The Economic Impacts of the Restoration of Schell Bridge
The proposed restoration of the Schell Memorial Bridge as a pedestrian and bikeway connector would have a significant positive economic impact on the community of Northfield and Franklin County, Massachusetts.
Under conservative assumptions of construction and new visitor expenditures, a rehabilitated Schell Memorial Bridge would have a total annual economic impact close to $15 million dollars over its first 10 years of operation. Roughly 57% of these impacts would come from the roughly 13,000 additional visitors coming to Franklin County each year. The rest would come from construction, ongoing maintenance, and the expansion and upgrading of recreational trails connecting to the bridge site.
We also see considerable potential for the Schell bridge to attract even more visitors if successfully coupled with extensive marketing and promotion, and deliberate actions to tie the bridge to other heritage and recreational destinations. On its own, the rehabilitation of a single bridge is unlikely to act as a significant catalyst to the regional economy. This is because recreational and heritage tourists are rarely attracted to a single amenity, but rather are attracted to the entire portfolio of complementary amenities in a region. Our estimates only assume a modest degree of marketing. Concerted efforts to promote the bridge as part of a multi-state recreational and heritage network and site for cultural and community events would greatly well increase—perhaps even doubling— the number of annual visitors.
The proposed restoration of the Schell Memorial Bridge is also likely to provide additional benefits to the economic vitality of the community that are not easily quantified. These include:
- As a centerpiece for a larger vision of recreation and heritage tourism development in the region, new or expanded businesses adapting to meet additional tourism demand can increase profitability, expand local employment and increase local tax revenues.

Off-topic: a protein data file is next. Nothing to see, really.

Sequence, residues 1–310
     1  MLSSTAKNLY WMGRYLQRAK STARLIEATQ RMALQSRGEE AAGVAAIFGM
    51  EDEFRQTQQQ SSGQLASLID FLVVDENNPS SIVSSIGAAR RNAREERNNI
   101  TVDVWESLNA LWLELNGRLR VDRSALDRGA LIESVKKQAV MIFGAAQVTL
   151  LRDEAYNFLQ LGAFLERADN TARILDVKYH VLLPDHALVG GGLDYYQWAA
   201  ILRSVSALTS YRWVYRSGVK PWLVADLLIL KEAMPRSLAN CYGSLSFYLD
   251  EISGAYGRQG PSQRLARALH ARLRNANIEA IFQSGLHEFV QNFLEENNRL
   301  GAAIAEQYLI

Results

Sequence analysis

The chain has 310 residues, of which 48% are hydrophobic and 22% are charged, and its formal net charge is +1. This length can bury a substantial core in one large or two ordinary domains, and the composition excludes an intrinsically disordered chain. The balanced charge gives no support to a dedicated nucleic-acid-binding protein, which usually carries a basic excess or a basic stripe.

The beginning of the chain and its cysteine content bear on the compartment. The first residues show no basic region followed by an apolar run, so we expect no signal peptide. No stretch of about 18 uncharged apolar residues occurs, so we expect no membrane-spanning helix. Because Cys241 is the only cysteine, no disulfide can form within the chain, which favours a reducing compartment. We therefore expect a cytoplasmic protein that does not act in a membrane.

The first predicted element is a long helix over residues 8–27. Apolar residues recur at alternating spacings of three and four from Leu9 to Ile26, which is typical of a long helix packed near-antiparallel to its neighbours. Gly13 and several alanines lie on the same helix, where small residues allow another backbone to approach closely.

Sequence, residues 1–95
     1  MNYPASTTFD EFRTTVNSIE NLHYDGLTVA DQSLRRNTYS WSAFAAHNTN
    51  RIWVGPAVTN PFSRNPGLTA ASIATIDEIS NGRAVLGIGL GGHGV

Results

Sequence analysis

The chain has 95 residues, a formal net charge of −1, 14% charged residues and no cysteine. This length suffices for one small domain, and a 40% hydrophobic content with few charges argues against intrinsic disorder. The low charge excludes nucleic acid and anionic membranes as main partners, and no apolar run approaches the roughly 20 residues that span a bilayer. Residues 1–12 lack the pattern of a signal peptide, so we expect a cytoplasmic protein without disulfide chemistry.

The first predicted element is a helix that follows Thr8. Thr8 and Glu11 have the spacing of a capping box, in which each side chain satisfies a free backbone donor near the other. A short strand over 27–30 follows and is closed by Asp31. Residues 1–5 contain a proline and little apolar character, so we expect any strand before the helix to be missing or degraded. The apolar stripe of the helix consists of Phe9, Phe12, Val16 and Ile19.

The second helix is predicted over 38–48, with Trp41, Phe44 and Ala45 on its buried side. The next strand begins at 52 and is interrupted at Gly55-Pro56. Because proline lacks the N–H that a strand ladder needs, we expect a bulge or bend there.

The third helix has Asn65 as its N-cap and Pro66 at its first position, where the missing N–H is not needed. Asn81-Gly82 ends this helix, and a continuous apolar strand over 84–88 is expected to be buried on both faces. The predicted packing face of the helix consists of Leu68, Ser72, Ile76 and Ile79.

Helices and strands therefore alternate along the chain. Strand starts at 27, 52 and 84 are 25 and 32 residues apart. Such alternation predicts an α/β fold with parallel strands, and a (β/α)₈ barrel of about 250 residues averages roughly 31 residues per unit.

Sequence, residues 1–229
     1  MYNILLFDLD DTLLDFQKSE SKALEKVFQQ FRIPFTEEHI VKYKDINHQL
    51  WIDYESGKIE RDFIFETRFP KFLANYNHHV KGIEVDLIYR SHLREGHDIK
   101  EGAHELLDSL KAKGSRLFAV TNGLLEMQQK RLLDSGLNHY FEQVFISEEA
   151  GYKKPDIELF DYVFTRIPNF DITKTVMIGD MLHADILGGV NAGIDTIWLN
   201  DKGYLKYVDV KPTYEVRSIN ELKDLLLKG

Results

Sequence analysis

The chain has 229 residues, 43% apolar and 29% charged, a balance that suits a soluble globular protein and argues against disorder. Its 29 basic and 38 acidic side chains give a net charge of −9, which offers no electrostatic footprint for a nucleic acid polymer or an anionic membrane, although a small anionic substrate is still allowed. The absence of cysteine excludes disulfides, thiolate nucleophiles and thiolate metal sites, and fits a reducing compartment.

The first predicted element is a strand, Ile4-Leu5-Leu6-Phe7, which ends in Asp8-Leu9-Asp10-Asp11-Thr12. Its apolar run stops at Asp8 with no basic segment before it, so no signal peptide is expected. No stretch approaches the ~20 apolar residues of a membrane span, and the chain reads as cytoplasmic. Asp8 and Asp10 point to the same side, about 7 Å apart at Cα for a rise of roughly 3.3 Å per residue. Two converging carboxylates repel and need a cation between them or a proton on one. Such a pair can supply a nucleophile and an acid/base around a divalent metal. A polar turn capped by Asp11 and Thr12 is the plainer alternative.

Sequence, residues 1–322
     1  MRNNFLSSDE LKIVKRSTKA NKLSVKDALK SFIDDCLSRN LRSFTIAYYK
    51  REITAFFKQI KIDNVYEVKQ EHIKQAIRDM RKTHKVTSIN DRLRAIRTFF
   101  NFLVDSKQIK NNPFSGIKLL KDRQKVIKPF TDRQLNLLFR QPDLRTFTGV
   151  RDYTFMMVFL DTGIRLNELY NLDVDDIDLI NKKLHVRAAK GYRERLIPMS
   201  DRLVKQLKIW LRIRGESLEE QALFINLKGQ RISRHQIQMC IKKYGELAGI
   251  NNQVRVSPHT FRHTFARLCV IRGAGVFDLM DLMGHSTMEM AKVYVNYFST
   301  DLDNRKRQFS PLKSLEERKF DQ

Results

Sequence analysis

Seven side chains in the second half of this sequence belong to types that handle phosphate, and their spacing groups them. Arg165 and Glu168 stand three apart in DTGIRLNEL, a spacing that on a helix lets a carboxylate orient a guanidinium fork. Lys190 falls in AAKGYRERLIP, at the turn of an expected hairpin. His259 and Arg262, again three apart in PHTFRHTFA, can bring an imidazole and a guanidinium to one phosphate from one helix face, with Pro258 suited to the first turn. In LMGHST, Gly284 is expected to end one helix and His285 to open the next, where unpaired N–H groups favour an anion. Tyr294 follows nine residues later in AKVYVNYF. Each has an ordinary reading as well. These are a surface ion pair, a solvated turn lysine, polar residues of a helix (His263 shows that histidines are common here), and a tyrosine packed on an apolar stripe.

A restored bridge will enhance the quality of life and “sense of place” for the town and region, which in turn supports economic development as scenic and recreational amenities increasingly pro- mote Northfield as an attractive lo- cation to work and live.
The arrival of the C.S. Lewis College will boast additional recreational amenities and linkages to regional bike routes, enhancing their ability to recruit students and encouraging visitors to extend their stay.
Northfield will have enhanced physical and visual connections to the Connecticut River and a stronger “River Town” brand to market the town and region to non-local visitors.
With the bridge and adjacent riverside park as a scenic venue for public gatherings, the economic impact of festivals and community events will be increased through the spending of additional non-local attendees at existing events and opportunities to host new bridge-related races, events or multi- day festivals.
Recent empirical studies and survey reports indicate that real property values appreciate at a faster rate near trails and greenways when compared to other land values in rural areas.
The collaboration required between local governments and regional bodies, non-profit organizations, and private sector stakeholders serves to strengthen opportunities for future regional partnerships for economic development.